Recently, I attended Secret Cinema Presents Casino Royale (opens in new tab). The experience was suitably immersive, but the part of the night I was most looking forward to was re-viewing the film on the big screen. Despite once wearing out a VHS copy of Diamonds Are Forever (opens in new tab), Royale’s been my favourite Bond since Daniel Craig burst onto the scene in his much-too-tight swimwear in 2006.
Martin Campbell’s second stab at Britain’s beloved Secret Service agent was still every bit the muscular, Bourne-besting reboot I remembered, Vesper still the Bond girl to beat. But there was a rotten apple in the barrel and his name was… well, you know his name. Bond is, unequivocally, a right royal shit in Casino Royale. There was a time when I would have liked nothing more than to be 007. Now I wouldn’t want to be within 100 feet of his perfectly formed arse.
I’d always accepted Bond’s licence to kill as a necessary, nay cool, part of his oeuvre; but the Bond of Casino Royale takes a perverse pleasure in death in a way I found more than a little troubling. Shooting unarmed targets is one thing, but Bond’s self-satisfied smirk as he unflinchingly watches airport bomber Carlos blow himself up isn’t the reaction of a hero, but a psychopath.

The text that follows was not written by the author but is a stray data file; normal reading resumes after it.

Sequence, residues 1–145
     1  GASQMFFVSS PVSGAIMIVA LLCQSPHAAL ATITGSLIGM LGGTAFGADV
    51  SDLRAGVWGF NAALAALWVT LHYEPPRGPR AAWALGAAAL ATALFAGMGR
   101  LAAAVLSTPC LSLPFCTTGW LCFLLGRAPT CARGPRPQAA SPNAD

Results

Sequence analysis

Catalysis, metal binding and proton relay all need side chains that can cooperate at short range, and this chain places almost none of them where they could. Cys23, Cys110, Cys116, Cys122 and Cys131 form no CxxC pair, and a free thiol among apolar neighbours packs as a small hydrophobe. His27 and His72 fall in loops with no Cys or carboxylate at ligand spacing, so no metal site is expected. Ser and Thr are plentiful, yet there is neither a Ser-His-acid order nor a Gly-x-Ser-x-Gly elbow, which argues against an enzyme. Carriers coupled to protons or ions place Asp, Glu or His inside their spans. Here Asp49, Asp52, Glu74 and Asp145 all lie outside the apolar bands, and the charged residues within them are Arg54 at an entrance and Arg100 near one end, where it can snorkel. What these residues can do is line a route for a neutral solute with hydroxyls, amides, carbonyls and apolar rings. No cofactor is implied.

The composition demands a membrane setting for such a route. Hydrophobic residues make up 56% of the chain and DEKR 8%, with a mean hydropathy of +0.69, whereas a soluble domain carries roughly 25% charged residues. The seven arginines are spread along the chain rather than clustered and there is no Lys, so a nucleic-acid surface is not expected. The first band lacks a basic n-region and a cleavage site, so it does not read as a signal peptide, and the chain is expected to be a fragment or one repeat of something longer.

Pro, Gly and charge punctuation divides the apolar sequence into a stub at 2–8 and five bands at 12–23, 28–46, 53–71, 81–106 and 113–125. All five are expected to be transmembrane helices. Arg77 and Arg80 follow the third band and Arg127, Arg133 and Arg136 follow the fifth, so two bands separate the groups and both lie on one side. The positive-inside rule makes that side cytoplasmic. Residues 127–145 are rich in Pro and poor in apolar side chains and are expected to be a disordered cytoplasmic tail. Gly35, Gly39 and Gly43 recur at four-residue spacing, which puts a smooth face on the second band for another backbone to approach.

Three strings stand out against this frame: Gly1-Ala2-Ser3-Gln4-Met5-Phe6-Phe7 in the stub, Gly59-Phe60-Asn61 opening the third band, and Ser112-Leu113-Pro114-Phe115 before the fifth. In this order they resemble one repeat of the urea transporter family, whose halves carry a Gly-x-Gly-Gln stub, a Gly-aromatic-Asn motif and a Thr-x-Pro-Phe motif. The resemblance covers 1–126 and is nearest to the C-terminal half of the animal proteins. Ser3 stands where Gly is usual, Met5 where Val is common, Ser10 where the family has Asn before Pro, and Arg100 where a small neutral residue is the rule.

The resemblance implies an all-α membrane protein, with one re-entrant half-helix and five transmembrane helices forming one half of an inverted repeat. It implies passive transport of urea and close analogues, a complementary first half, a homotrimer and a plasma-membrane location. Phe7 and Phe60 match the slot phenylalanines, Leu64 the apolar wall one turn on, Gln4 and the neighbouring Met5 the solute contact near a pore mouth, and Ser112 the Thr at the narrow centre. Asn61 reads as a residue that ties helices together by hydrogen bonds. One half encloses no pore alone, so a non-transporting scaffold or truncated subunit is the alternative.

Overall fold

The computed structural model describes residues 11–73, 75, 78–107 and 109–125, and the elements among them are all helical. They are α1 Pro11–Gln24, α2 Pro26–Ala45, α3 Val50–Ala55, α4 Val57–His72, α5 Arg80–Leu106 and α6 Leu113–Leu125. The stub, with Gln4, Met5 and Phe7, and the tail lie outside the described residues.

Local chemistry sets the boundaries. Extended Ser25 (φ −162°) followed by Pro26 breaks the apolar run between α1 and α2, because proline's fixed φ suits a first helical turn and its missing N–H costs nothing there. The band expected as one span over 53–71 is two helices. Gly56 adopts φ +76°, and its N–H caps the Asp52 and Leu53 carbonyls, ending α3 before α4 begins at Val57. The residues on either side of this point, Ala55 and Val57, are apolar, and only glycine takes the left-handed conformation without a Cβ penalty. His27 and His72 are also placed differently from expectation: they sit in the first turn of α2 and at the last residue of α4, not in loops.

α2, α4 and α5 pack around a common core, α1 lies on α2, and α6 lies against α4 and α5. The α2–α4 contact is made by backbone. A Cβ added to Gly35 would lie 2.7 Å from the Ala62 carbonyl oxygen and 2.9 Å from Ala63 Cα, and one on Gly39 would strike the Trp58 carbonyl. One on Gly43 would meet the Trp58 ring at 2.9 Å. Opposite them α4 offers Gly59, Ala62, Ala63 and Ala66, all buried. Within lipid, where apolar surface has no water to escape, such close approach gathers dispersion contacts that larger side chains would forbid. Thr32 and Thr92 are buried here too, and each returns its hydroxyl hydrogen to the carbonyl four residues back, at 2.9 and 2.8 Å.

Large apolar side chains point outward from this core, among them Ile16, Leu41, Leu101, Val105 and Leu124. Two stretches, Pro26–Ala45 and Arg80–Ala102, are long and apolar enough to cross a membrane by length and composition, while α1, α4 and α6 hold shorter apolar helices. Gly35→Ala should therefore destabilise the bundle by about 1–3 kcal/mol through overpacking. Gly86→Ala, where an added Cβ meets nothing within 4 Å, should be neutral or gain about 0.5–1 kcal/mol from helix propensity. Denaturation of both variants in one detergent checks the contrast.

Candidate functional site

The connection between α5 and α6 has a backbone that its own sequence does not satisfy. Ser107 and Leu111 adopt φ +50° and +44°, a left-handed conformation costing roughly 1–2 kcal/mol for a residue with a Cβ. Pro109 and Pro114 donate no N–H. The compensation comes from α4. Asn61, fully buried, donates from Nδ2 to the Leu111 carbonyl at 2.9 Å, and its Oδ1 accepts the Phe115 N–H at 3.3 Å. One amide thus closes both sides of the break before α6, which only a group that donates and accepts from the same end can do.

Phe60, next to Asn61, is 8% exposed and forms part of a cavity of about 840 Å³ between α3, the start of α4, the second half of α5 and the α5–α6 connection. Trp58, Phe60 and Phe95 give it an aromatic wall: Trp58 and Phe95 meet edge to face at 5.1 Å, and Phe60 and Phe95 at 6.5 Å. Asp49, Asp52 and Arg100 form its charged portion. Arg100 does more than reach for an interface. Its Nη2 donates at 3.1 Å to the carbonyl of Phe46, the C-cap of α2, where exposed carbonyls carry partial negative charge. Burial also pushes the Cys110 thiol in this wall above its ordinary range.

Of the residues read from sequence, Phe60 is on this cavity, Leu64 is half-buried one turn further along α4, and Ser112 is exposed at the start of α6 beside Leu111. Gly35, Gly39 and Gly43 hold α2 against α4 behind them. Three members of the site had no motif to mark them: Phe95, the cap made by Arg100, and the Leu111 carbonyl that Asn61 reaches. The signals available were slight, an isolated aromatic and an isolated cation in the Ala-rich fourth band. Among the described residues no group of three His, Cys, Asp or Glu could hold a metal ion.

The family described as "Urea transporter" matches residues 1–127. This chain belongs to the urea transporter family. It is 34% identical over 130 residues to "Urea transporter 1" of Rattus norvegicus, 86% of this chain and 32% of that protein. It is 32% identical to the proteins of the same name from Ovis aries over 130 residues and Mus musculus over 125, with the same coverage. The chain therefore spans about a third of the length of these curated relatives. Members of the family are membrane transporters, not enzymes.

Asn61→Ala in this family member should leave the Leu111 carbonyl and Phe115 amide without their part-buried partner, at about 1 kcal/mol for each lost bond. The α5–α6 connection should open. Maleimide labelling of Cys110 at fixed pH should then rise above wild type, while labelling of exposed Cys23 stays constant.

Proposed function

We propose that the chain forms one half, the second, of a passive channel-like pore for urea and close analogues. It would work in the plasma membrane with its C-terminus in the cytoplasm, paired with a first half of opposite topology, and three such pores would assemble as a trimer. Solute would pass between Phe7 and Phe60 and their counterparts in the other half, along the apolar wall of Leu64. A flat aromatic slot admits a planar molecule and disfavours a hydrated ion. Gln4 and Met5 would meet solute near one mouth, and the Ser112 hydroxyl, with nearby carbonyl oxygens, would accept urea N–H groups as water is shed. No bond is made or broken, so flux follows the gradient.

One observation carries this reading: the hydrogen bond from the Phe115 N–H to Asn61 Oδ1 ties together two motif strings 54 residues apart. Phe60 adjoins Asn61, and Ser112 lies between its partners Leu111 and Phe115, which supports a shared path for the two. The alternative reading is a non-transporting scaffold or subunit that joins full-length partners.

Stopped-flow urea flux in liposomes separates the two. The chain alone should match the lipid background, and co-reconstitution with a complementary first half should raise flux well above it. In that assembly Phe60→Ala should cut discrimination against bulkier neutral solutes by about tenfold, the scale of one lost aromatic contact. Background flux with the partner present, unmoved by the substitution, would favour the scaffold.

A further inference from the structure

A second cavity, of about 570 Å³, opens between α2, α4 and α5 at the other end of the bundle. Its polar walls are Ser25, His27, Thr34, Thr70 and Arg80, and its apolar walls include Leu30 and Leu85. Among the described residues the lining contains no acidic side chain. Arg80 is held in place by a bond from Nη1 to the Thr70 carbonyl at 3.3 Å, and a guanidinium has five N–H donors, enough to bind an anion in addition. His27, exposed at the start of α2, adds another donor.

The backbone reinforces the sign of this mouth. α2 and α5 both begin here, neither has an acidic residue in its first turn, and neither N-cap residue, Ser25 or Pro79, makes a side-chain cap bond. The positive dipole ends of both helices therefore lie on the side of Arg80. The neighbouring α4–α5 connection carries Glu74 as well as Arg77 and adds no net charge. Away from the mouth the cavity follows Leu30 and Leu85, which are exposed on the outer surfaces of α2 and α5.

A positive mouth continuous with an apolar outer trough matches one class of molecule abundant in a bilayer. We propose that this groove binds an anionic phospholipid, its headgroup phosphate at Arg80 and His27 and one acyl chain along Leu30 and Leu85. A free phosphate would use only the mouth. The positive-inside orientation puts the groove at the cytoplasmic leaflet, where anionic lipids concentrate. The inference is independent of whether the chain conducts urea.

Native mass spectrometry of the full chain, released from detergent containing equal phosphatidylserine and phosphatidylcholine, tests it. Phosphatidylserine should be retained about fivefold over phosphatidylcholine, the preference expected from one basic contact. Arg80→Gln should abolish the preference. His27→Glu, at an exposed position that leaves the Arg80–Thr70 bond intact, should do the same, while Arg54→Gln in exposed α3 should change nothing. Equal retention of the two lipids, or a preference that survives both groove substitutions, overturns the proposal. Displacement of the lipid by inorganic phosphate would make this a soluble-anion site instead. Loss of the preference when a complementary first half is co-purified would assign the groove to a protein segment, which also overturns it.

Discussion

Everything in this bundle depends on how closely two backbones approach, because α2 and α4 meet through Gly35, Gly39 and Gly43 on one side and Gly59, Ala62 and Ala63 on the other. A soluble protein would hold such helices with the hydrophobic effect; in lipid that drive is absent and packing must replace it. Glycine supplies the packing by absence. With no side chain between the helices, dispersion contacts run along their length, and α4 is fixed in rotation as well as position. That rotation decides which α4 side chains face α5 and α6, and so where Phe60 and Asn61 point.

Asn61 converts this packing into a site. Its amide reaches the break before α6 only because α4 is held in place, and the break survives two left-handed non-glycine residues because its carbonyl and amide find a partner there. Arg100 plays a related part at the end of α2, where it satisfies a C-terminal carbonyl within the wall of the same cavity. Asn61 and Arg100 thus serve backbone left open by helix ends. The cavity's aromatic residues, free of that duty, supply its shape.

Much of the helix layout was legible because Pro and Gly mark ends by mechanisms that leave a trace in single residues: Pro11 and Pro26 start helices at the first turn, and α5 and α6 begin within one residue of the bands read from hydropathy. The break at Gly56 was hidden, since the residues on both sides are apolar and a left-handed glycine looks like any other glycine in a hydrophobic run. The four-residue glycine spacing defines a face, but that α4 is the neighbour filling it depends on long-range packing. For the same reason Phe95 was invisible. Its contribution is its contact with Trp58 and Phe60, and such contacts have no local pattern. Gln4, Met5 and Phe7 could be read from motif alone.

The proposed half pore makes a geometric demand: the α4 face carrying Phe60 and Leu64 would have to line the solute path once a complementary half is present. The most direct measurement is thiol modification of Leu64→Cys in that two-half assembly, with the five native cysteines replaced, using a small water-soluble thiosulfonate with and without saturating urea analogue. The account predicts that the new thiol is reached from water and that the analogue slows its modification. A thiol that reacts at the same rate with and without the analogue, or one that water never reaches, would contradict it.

And a full 11 years after Judi Dench’s M condemned Bond as a “sexist, misogynist dinosaur” in GoldenEye (opens in new tab), he’s still stuck firmly in the Triassic Era in Casino Royale. Not only is there the flagrant lack of respect for M, and his utter indifference to getting Solange killed, but every interaction with Vesper would be grounds for dismissal if MI6 had a functional HR department. He comes across more like a cheap pick-up artist than a secret agent trained in the art of seduction. Even the beloved shower scene turns icky when Bond sticks Vesper’s fingers in his gob.
Clearly, Bond has always been a bastard. The casual racism and sexual aggression of Connery’s era, especially, can only be viewed as products of their time nowadays. And Craig’s reign has been far from free of controversy; Skyfall (opens in new tab)’s Sévérine and Spectre (opens in new tab)’s Lucia among the series’ most mistreated Bond girls. I’d naïvely remembered Casino Royale as being free of such problems, but now I’m not sure I can watch it the same way again. Or is it just me?
Each month our sister publication Total Film magazine (opens in new tab) argues a polarising movie opinion and gives you the opportunity to agree or disagree. Let us know what you think about this one in the comments below and read on for more.
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